How to Prepare for a Career in Construction

We’ve all been in that situation where we’re meeting some distant family relative or friend of our parents. The comments about how much we’ve grown start coming in and how much older and mature we look now.

Then the direct questions start flying through the air like arrows.

“So, do you have a boyfriend?”

“Why not?”

“What are you studying?”

“What do you want to do with that?”

Sometimes, we answer easily and other times you simply try and give non-committal answers, hoping to escape the conversation and do, well, literally anything else in the world.

Answering those questions about your future career can be easier for some than others. Doctors have it pretty easy: four years of undergrad, followed by four years of medical school, followed by residency and then followed by board exams before they can step into their first job.

But what about construction? Is there a direct path? Do people start out with a hammer and a few nails before they work their way up?

Construction is a great career to pursue, not just because of the dire need for workers but also because of the rising salaries. Even those working everyday jobs can earn close to $80,000 after a few years of experience.

Like other jobs, there is no perfect, direct path to carving out a career in construction. You can take direct paths, long-winding paths or get lost before ending up at your construction destination.

Page Contents


Let’s start out at the very beginning. Is there any kind of education that you can pursue to better your chances of starting a career in construction? Yes, there definitely is.

It all depends on what you want to do (more on that later), but you can find some degrees in construction that will help boost your career.

The most common is construction management, where you will learn all of the rules and regulations of construction, from building codes, estimation, reading construction plans, methods and materials and more. It’s the most “basic” degree in this certain field.

After that, there is construction technology. This is more of a trade degree, where you’ll learn about specific positions in technology such as framing, cabinet making, foundation, masonry or electrical systems.

If you’re looking for a BS degree, you can also pursue construction management. Here, you’ll learn about surveying, accounting, quality control and management technology.

Past that, there are master’s and doctorate degrees.

You’re not going to be able to find all of these degrees at any university, so do your research before choosing where you want to study.

On top of the construction management, there is also architecture, concrete management and more that can be found in the classroom or online.


During summers or even during the academic year, you should be looking for construction internships. Construction is a field that hands-on experience really counts for something. You’ll be doing much more than just getting coffee every day.

When choosing an internship, you might be tempted to go for exactly what you think you want to do in the future. Instead, you should try and make your profile as broad as possible. It’s an internship, not your definite future job.

Also, it will show that you’re willing to try plenty of different fields before committing to one. Being well-rounded is great for job hunting in the future and you won’t feel like you’re putting yourself in a box.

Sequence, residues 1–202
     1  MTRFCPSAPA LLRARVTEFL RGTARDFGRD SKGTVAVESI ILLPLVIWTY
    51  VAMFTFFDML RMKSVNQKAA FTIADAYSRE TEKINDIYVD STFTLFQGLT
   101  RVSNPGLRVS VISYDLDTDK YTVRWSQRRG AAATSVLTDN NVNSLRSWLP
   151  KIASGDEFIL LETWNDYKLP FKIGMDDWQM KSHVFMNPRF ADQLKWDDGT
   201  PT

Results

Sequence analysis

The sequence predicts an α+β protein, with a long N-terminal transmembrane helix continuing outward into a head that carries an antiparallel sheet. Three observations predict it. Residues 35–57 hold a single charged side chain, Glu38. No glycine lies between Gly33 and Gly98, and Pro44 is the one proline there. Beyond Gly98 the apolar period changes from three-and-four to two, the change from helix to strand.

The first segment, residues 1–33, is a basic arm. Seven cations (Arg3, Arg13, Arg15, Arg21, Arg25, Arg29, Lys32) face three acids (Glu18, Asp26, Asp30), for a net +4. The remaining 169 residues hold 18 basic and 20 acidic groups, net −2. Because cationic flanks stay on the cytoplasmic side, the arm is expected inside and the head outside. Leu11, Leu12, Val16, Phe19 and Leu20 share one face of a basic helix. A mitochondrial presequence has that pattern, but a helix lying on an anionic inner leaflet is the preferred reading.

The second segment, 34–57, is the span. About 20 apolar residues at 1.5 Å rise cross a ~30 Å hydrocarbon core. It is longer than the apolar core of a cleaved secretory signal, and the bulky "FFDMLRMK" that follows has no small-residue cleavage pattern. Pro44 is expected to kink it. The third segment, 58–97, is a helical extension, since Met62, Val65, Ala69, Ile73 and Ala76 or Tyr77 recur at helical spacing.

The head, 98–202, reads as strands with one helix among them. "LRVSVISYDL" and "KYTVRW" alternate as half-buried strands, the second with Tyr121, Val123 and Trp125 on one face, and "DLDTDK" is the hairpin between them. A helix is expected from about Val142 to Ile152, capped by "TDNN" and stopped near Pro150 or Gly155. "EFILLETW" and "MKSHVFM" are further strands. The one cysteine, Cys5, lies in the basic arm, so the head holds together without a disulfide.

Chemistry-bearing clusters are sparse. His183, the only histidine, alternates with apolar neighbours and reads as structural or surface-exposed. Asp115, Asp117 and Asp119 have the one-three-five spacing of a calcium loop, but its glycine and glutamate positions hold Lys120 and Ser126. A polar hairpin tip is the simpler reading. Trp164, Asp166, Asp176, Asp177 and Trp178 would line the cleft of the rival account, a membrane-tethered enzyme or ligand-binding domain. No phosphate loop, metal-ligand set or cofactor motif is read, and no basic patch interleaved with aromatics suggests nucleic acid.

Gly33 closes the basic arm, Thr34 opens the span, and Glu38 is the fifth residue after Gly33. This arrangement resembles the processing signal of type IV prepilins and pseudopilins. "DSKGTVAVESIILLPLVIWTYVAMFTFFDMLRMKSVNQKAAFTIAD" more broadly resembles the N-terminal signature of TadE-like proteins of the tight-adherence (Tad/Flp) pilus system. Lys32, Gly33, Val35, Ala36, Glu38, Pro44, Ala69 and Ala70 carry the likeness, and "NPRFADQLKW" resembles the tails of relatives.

It will help you branch into other departments or take on other jobs when you can demonstrate that you have proven experience in the area. When you’re just starting out, it’s better to go wide than deep.

Staying Up to Date

Construction is just like any other job field, in that it is ever-changing. Sure, you may have pictured rough men with tool belts, work boots and hard hats running around in perfect unison but the fact is construction is much more than that.

Technology is making a lasting impact on construction, meaning that it’s beneficial for you to be paying attention to the latest trends and innovations.

For example, drones are making a huge impact in construction, allowing workers and managers to see their projects from previously unrealistic angles. There are hard hats that collect user data as well as monitoring software that track worker progress, making sure no one is being overworked or at physical risk.

You might have been using plenty of these tools and software during your education or internships, but it’s always great to stay on top of the latest uses outside of work. You can use your experience with these on future resumes, showing that you won’t need as much training and can easily jump into a job and start from day one.

Smart tools are entering the field, helping workers and managers alike work both smarter and faster.

Companies are taking a page out of the millennial handbook, using long-term rentals for certain equipment. Flex Fleet is an example of this, as companies opt for the ease and service of Flex Fleet for their trucks. They make it easy to rent, use and return.

The First Job

When you’re looking for your first construction job, it’s important to have a strong resume. Look up examples of other construction resumes to see how you should go about formatting and designing your resume in order to make it the most attractive to potential recruiters.

When you’re looking for a job, it’s important to look at the job in the long-term. With a labor shortage incoming in the construction industry, companies are looking to hold on to their workers as long as possible. Don’t just think about your first job as being a stopgap, but see how you can stay at the job for the long period.

Why? Because consistency is more important in the job world and being at the same company means you’re more likely to see bonuses or promotions come your way after continued work. Salaries are on the rise as well and you’re likely to maximize your earning potential showing dedication.